FBI deploys first phase of technology upgrade
The FBI this week rolled out the initial part of its $425 million information technology system upgrade to reduce agents' dependence on paper-based files.
Employees now have an Internet-based interface giving them access to the Automated Case Support system. A "personal workbox" summarizes agents' cases and leads, while a "squad workbox" allows supervisors to better manage resources and make assignments. The new interface also has a better search function, according to the agency.
The upgrades mark the first of four phases for the six-year effort, known as Sentinel and designed to take the place of the failed $170 million Virtual Case File project.
"With the completion of Phase 1, FBI employees will see a marked improvement in their ability to access, retrieve and move information," said Joseph Ford, the FBI's associate deputy director, in a statement.
Lockheed Martin Corp. worked on the first stage of the program under a $57 million contract awarded in March 2006. It includes options that could be worth $248 million for work on the three additional phases.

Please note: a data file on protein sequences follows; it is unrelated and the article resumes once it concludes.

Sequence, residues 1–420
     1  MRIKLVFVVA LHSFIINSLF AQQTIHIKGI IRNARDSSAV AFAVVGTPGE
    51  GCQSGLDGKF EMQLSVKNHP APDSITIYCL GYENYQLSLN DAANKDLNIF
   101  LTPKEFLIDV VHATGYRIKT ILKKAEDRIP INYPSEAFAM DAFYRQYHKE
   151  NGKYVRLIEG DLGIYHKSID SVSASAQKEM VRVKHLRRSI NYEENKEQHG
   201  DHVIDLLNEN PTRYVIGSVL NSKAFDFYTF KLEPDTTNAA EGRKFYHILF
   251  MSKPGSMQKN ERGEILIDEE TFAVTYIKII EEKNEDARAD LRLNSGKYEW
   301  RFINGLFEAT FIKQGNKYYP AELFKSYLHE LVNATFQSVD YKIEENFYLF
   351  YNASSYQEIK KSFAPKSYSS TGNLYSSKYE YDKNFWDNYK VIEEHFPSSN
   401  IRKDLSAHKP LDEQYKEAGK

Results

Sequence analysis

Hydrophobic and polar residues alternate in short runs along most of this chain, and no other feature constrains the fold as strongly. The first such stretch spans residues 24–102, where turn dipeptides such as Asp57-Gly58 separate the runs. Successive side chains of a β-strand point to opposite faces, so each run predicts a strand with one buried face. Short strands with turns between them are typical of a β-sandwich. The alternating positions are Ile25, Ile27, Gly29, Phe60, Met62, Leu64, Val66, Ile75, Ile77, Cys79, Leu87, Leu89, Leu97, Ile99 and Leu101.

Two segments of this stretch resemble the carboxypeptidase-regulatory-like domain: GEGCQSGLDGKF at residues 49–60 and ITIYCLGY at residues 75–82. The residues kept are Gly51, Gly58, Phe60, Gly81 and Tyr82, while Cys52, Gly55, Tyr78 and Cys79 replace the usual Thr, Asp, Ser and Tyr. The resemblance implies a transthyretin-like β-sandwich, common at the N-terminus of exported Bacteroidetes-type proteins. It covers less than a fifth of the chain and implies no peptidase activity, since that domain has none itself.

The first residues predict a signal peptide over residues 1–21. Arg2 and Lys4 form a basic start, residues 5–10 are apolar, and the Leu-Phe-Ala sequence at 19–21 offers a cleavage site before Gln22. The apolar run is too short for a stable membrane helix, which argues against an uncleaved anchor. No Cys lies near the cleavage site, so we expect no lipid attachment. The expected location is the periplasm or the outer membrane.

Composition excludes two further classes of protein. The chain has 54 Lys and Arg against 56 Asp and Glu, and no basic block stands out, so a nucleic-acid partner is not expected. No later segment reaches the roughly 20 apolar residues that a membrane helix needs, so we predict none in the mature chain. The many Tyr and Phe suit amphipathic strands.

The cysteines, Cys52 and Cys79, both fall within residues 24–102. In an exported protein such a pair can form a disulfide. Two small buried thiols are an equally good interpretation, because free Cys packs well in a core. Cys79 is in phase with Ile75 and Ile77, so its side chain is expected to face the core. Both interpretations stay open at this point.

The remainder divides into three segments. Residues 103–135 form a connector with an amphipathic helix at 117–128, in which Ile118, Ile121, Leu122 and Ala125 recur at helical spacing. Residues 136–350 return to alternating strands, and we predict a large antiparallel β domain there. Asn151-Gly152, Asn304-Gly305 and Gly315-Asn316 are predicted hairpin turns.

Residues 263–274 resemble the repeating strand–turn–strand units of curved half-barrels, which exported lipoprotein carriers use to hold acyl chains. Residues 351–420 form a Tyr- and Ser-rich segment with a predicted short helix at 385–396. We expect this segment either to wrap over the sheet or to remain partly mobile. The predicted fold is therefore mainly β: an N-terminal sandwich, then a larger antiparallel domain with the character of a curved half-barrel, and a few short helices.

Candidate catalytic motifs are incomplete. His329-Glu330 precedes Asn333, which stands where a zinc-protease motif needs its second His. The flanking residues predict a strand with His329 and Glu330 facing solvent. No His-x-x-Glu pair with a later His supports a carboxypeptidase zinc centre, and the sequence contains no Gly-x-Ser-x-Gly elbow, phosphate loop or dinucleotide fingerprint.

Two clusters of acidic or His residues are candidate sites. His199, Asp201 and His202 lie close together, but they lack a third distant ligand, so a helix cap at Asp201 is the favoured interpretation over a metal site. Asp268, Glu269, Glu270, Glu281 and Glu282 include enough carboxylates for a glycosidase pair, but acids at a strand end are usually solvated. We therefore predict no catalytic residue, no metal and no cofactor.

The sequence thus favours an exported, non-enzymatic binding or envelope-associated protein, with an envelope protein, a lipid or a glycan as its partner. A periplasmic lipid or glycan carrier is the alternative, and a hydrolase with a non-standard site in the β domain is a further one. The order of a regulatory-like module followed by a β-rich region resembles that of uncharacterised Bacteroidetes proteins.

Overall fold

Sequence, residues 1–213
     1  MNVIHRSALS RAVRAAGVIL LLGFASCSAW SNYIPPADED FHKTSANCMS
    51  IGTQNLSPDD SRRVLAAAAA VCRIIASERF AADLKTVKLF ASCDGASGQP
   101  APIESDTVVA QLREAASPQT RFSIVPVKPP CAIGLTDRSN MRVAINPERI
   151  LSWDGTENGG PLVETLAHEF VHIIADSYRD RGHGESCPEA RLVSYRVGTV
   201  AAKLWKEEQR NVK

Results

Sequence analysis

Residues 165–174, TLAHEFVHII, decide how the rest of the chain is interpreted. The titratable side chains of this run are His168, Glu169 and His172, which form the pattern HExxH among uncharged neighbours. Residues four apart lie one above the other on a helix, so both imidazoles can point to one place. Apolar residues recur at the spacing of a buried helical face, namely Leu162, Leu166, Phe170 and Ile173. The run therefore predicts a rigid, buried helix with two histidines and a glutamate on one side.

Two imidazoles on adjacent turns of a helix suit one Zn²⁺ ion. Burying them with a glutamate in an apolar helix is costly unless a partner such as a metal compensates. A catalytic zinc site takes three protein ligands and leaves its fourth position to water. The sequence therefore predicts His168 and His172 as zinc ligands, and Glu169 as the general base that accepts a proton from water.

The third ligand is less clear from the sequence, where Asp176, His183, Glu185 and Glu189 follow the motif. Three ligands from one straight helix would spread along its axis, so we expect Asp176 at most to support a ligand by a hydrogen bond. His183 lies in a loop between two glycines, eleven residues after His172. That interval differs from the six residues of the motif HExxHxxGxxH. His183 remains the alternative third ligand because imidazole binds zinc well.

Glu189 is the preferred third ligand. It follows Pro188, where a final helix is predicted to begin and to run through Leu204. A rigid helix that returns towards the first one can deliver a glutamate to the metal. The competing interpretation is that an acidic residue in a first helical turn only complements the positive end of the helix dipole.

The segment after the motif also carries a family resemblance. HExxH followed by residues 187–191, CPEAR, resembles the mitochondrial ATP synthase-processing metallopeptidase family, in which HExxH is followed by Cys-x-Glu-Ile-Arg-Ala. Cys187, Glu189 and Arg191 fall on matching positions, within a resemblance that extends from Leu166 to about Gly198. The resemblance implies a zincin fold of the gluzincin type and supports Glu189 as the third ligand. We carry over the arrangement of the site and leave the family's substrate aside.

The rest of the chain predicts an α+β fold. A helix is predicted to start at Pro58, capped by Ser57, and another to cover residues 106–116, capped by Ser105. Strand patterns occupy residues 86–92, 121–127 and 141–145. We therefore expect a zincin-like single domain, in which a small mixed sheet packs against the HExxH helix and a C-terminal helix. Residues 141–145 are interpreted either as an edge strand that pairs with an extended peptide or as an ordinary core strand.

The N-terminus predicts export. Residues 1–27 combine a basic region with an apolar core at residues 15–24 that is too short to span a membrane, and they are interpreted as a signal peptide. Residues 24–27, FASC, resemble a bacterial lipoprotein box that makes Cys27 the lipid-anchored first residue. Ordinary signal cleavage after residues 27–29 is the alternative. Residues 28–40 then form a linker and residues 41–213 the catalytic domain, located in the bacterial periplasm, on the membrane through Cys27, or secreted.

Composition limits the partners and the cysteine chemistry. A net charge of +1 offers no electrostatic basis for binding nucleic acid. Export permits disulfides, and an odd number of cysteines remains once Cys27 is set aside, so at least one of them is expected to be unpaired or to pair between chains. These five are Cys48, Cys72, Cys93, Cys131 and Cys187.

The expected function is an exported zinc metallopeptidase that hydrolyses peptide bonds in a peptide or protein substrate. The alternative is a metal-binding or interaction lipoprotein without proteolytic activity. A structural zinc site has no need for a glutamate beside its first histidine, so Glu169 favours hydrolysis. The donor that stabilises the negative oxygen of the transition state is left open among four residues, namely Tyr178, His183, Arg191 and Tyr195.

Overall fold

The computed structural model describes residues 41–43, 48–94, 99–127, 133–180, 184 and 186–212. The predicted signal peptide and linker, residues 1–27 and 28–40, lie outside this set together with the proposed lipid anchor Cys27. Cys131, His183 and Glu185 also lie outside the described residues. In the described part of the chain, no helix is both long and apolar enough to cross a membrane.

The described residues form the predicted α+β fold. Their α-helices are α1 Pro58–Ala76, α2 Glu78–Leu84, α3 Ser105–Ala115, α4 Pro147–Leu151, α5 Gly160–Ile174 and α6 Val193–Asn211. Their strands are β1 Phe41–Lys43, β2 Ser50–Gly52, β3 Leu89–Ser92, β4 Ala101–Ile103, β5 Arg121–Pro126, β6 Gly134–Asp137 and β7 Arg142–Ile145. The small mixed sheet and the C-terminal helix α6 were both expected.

Linda Gooden, executive vice president of Lockheed Martin Information Systems and Global Services, said in a statement that the company is "proud to support the FBI in the first-phase delivery of this highly capable system."
The initial upgrades were originally scheduled to take effect earlier this year, but in April, FBI Director Robert Mueller told congressional appropriators that the deployment would be delayed at least a month because of "some unforeseen technicalities." Mueller said Sentinel would begin a test period at FBI headquarters and some field offices that month, and that the agency was in the final approval process with Lockheed Martin for the start of the first phase.
A group of FBI employees trained on the system in preparation for the initial deployment. They will serve as the points of contact for support in their offices. All FBI employees were offered training, the agency stated. As part of it, users had opportunities to make recommendations on changes to the application.
Mueller told congressional appropriators that Sentinel's second phase is more important than the first because it will affect more field agents. He said the second phase could come a year to 18 months after the first starts. The interim would be used in part to incorporate lessons learned from the first phase, he said.